Verizon Wireless, currently owned 55% by Verizon Inc. (VZ) and 45% by Vodafone (VOD), is once again caught in a tug of war by its 2 large, multi-billion dollar owners. Lowell McAdam, Verizon's CEO, recently stating that it would be "feasible" for Verizon to become the sole owner of the firm.
This is only the first of multiple suggestions by both parties that they would want to buy out their partner, with Verizon's last attempt occurring in 2006. McAdam had also stated that there were multiple ways a deal could occur. It seems to me that there are 3 ways Verizon could make this deal happen:
- A direct purchase of Verizon Wireless
- A multi-year purchase of Vodafone's interest
- An acquisition of the entirety of Vodafone is also within the realm of possibility.
To Vodafone there are pros and cons of unwinding the partnership. They don't have operating control over Verizon Wireless or its dividend policy, making any cash flows from the partnership uncertain. Getting out of the partnership also fits the mold of many of their recent strategic decisions, with the firm selling off a number of minority positions, such as their 3.2% interest in China Mobile, their 44% interest in SFR (a major France telecom), and selling much of their minority interests in India to acquire Hutch Essar (a leading Indian provider, the name later changed to Vodafone Essar). The sale would give them capital to pursue acquisitions in other emerging markets, a key tenant of their growth strategy.
On the other hand Vodafone's European operations have been performing poorly lately due to large stakes in Spain, Italy, Greece and other struggling countries. Verizon's steady earnings growth through these difficulties and large dividend payments has been an anchor stabilizing these poor results. Verizon Wireless also represents as much as 40% of Vodafone's adjusted operating profit which would be difficult for the company to replace. It seems likely that, at least in this current environment, Vodafone would be reluctant to sell outright the crown jewel of their assets. They may, however, consider a multi-year purchase which would give Vodafone a cash infusion and a boost to profits for a number of years, giving them leeway and space for their European operations to turnaround and a number of years to search for acquisition targets.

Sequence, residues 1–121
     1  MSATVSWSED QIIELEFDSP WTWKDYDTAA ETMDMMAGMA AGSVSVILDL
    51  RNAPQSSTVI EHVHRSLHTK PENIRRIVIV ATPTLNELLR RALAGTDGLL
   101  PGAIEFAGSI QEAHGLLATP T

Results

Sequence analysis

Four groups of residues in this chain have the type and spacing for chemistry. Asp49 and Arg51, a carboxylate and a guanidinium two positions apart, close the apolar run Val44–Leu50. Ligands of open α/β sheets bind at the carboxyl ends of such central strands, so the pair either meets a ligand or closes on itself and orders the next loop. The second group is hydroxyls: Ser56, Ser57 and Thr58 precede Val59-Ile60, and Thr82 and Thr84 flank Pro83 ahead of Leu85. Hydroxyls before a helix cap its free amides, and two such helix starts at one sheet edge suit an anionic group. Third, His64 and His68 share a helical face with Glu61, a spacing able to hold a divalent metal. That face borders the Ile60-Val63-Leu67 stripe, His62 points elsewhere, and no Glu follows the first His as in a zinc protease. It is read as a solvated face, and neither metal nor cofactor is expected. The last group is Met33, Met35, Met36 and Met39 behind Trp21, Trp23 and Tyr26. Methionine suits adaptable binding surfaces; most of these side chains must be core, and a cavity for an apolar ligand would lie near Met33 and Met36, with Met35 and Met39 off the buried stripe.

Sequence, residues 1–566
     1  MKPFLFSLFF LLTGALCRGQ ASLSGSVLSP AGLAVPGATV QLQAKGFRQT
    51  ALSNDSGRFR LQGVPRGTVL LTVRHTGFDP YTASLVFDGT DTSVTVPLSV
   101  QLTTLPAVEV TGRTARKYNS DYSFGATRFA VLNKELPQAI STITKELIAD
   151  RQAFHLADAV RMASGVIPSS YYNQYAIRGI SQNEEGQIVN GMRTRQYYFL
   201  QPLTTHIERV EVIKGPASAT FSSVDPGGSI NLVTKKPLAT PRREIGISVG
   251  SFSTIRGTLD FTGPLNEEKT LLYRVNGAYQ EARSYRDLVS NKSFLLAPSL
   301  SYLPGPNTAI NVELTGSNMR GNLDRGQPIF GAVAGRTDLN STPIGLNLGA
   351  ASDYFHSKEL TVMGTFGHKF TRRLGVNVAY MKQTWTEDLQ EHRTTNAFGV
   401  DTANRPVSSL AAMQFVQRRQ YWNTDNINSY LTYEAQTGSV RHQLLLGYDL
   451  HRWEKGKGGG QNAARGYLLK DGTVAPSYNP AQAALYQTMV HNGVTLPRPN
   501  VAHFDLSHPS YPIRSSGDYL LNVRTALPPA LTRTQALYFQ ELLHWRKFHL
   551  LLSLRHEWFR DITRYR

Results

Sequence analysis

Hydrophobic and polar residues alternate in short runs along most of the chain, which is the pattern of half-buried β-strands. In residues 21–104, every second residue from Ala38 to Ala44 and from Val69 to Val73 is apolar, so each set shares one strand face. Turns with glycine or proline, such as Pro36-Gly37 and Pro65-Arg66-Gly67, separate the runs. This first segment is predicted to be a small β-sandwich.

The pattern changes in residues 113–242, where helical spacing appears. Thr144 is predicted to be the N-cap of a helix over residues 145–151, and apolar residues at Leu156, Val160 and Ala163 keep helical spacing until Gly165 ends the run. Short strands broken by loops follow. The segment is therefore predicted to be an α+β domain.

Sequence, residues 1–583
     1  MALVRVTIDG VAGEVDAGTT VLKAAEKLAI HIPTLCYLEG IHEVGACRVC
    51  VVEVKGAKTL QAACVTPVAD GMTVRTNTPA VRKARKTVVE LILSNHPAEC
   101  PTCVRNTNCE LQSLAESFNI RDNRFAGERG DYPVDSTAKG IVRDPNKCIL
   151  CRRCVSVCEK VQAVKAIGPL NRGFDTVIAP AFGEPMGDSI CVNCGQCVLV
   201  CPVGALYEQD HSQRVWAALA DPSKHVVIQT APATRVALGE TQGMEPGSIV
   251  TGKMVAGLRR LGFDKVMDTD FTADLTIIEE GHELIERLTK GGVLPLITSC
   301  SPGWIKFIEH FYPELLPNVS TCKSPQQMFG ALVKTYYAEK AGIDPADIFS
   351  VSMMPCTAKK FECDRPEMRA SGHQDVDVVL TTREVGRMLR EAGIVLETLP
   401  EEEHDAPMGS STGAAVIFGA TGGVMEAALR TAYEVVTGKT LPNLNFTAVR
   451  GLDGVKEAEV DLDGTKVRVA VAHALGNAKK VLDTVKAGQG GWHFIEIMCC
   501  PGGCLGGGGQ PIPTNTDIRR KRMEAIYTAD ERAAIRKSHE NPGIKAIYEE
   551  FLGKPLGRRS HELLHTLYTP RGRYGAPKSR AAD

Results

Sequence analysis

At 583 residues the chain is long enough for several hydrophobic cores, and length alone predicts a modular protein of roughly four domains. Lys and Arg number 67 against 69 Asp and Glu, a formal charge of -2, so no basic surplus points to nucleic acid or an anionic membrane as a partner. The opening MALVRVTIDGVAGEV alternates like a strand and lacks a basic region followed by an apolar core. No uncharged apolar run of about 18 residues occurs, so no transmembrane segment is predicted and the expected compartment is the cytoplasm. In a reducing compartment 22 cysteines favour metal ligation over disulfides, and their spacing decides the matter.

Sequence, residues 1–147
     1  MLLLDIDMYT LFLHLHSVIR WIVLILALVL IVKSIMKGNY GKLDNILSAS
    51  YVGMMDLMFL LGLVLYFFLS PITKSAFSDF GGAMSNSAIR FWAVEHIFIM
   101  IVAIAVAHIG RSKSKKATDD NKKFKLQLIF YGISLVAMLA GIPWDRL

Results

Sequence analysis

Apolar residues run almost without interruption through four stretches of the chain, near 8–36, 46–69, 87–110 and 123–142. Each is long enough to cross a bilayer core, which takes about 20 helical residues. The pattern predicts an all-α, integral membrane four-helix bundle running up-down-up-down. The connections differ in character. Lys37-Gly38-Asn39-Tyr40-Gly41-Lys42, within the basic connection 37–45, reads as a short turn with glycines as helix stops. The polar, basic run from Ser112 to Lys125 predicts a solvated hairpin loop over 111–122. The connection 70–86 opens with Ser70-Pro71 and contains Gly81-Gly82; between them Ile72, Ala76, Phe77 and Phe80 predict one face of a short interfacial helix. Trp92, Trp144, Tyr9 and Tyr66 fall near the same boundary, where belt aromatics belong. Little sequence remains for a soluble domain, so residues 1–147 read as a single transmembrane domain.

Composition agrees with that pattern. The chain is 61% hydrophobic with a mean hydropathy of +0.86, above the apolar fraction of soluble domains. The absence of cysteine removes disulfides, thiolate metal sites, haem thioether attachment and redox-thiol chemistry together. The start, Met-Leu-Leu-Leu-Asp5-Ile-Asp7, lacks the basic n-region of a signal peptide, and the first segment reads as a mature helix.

Verizon may also have trouble digesting an acquisition of either Verizon Wireless or Vodafone. Vodafone itself has a market cap of 80 billion GBP (roughly $130 billion) and its stake in Verizon wireless would likely top $50 billion in value. Any acquisition would likely require Verizon to issue a large number of shares as their balance sheet already has over $40 billion in net debt and over $30 billion in unfunded pension liabilities. A multi-year purchase of Verizon Wireless would be far more palatable than an outright purchase as this would be able to be financed from current cash flows (with a possible suspension or reduction of the dividend necessary).
An outright purchase of Vodafone would be a merger of equals, assuming Vodafone's operating results don't fall off a cliff, as both firms have a comparable market cap. This deal may run into regulatory issues as Vodafone has the number 1 or 2 market position in a number of countries and Verizon is number 1 in the US. Also both companies use different technologies for wireless transmission so there would be less opportunity for economies of scale in R&D. Verizon still may pursue this acquisition if they believe they can acquire Vodafone's assets at a cheap price and benefit from the eventual rebound in Europe's economy, but this seems less likely than a multi-year purchase.
Both Verizon and Vodafone would benefit from Verizon acquiring the rest of Verizon Wireless but there are barriers to it happening. This deal will likely occur over a number of years or after Europe has begun recovering from its economic difficulties.